Instead, Birnbaum tells his viewers that the SodaStream factory in Mishor Adumim is a “fantastic sanctuary of co-existence and an example of peace in a region that is so troubled and so needs hope.” His words are staggeringly disingenuous. Numerous reports by organizations such as Kav LaOved, the Israeli workers’ rights organization, and Who Profits, detail how Palestinian workers in Israeli settlement farms and factories are underpaid, denied basic rights such as holiday or sick pay, denied the right to organize into unions, are left to fend for themselves if injured at work, and have to obtain permits from the Israeli security services to work in the settlements — permits which are under constant threat of withdrawal if they complain about their conditions or fail to turn up for work for any reason.
But the restrictions on human movement and trade placed on the West Bank by its Israeli occupiers has resulted in the destruction of the Palestinian economy and Palestinians are forced to look for work in the settlements which are eating away their land, providing cheap labor to companies which enjoy tax breaks from the Israeli government for locating in those very settlements and which help to cement its occupation.
A 2011 survey, cited by Who Profits, revealed that 82 percent of Palestinians would leave their job in the settlements if a suitable alternative were available.
And despite Birnbaum’s fine words about respect and good pay, Kav LaOved has had to assist workers at the SodaStream factory in their struggle to obtain improved working conditions, better salaries and, at times, unpaid wages. They remain, however, Kav LaOved notes, “at the bottom of the hierarchy in the factory and constantly fear their dismissal.”
The reality for Palestinians working in SodaStream’s settlement factory is, it turns out, a world away from the “sanctuary” described by Birnbaum. Given this, and the misinformation provided by SodaStream to Leekes, Birnbaum’s final words in the video are not only ironic, but almost laughable.
Turning his attention to the growing international boycott campaign against SodaStream, Birnbaum complains: “There are so many untrue, misinformed, manipulative claims against SodaStream, as if we’re benefitting from being in this location, and they’re so untrue.”
And, no doubt fully aware how much his company benefits from its settlement location — exploiting Palestinian labor and enjoying the perks of low taxation — while showing complete disregard for human rights and international law, Birnbaum keeps a straight face to the misleading end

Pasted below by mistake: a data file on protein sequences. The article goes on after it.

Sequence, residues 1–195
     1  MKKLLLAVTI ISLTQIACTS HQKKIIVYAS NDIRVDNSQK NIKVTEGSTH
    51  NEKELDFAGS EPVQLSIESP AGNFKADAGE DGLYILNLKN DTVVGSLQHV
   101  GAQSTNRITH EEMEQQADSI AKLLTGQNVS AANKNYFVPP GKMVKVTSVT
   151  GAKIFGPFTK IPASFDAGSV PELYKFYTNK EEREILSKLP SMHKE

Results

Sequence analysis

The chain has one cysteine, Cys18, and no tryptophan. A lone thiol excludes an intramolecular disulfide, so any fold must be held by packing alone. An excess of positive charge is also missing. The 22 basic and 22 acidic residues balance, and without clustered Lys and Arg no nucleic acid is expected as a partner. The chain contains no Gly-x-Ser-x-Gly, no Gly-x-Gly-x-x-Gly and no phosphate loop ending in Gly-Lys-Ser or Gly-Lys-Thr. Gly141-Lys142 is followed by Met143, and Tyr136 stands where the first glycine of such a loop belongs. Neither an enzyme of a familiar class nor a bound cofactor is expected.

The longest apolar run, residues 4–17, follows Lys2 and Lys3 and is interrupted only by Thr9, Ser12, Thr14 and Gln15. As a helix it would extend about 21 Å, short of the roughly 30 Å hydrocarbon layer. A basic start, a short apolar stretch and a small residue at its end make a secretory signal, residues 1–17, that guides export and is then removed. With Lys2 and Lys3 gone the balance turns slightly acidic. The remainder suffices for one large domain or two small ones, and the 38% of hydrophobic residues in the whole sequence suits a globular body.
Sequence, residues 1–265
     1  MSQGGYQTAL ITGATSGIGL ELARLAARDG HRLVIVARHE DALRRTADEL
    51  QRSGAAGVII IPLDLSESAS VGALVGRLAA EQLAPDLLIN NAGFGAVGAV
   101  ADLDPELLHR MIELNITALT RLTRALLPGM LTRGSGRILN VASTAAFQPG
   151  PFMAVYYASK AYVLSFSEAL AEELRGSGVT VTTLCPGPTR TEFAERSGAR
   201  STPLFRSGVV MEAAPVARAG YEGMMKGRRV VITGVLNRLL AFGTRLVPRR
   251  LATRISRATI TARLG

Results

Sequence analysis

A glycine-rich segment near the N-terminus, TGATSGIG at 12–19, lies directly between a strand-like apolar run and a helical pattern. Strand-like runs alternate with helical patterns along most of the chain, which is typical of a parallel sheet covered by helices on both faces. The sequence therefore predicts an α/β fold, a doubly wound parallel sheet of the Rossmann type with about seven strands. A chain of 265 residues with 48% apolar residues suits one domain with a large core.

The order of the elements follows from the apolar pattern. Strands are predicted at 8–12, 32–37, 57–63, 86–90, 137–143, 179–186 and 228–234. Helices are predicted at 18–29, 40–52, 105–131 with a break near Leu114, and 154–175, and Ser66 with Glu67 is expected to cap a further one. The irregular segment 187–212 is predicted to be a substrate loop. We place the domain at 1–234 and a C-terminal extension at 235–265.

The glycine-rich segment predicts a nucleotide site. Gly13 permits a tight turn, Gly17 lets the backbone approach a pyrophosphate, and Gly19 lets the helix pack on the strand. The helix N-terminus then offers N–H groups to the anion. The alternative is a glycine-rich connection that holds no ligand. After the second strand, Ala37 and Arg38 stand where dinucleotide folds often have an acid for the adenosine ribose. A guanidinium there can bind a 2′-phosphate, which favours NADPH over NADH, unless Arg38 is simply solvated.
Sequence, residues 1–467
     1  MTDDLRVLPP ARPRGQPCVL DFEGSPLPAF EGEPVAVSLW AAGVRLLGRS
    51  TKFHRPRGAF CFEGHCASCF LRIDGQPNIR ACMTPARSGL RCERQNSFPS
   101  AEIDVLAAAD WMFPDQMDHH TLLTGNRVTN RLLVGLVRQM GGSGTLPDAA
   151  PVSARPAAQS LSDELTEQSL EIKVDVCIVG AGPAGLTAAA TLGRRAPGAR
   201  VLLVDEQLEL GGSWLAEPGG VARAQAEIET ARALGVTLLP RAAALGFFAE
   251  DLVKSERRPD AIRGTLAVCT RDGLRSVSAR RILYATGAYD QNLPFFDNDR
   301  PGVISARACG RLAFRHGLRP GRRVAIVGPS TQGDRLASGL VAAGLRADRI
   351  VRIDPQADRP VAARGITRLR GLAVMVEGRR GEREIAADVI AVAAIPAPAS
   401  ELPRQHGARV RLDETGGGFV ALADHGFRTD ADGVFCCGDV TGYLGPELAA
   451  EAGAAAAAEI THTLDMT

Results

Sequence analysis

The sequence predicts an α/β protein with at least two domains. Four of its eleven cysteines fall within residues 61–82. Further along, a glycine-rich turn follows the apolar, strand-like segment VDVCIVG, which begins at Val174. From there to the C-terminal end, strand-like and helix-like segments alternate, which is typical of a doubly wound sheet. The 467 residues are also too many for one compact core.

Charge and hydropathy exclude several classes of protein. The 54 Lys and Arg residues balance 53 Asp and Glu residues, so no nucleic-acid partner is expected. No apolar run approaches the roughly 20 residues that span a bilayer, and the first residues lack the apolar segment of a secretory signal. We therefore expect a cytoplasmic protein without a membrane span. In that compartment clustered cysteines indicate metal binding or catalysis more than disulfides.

Hypocritical EU Must Make a Stand
By Ramzy Baroud, Dissident Voice
March 12, 2013
More bad news emerged from Israel in recent weeks. Indeed, good news is seldom associated with Israel and its military occupation and institutionalized discrimination and mistreatment of Palestinians.
But now even those international organizations that are often supportive of Israel’s militancy seem to be joining the consensus that Tel Aviv is on an irrevocably perilous course.
Few international law experts would defend Israel’s fervent settlement-building on occupied Palestinian land.
Yet the Western powers, led by the United States, have brought little pressure to bear on Israel to cease its illegal activities.
In fact, without US and European funding it would have been nearly impossible for Israel to build settlements and transfer over half a million Israelis over the years to live on stolen Palestinian land, in violation of numerous international laws including the Fourth Geneva Convention.
Worse still, trade with European and other countries sustained these illegal settlements, allowing them to flourish at the expense of Palestinians who have suffered massive ethnic cleansing campaigns since 1967.
But at last EU diplomats in east Jerusalem and the West Bank are speaking out in unequivocal terms.
In a report released at the end of last month, the diplomats declared that “settlement construction remains the biggest single threat to the two-state solution. It is systematic, deliberate and provocative.”
The report called on EU states “not to support … research, education and technological co-operation” with settlements and to “discourage” investing in Israeli companies that operate in the occupied territories.
Expectedly, the report is non-binding. And even if such recommendations are considered, Israel and its EU friends and lobbyists are likely to find loopholes that would deprive any EU action of substance and vigor.
Without civil society action focused on turning up the heat on European governments, especially die-hard supporters of Israel such as the British government, business with Israel is most likely to carry on as usual.
Not only is Israel flouting international law but the supposed guardians of international law are the very ones that are empowering Israel in carrying out its illegal acts, disempowering and bankrupting Palestinians.
Last January an Oxfam report said that the Palestinian economy, which is currently in utter disarray, could generate urgently needed income – $1.5 billion to be exact – if Israel eased its restrictions in the Jordan Valley alone.
But without suitable access to their own land and to water sources, Palestinians in the valley continue to struggle while the settlers are thriving.
Although the US government is well known to have done everything in its power to defend Israel at any cost and ensure Israel’s superiority and military edge over all of its neighbors, the EU has falsely acquired a more balanced reputation. Nothing could be further from the truth.
In a recent report the Palestinian rights group al-Haq emphasized that trading in produce grown in settlements had “directly contributed to the growth and viability of settlements by providing an essential source of revenue that allows them to thrive.”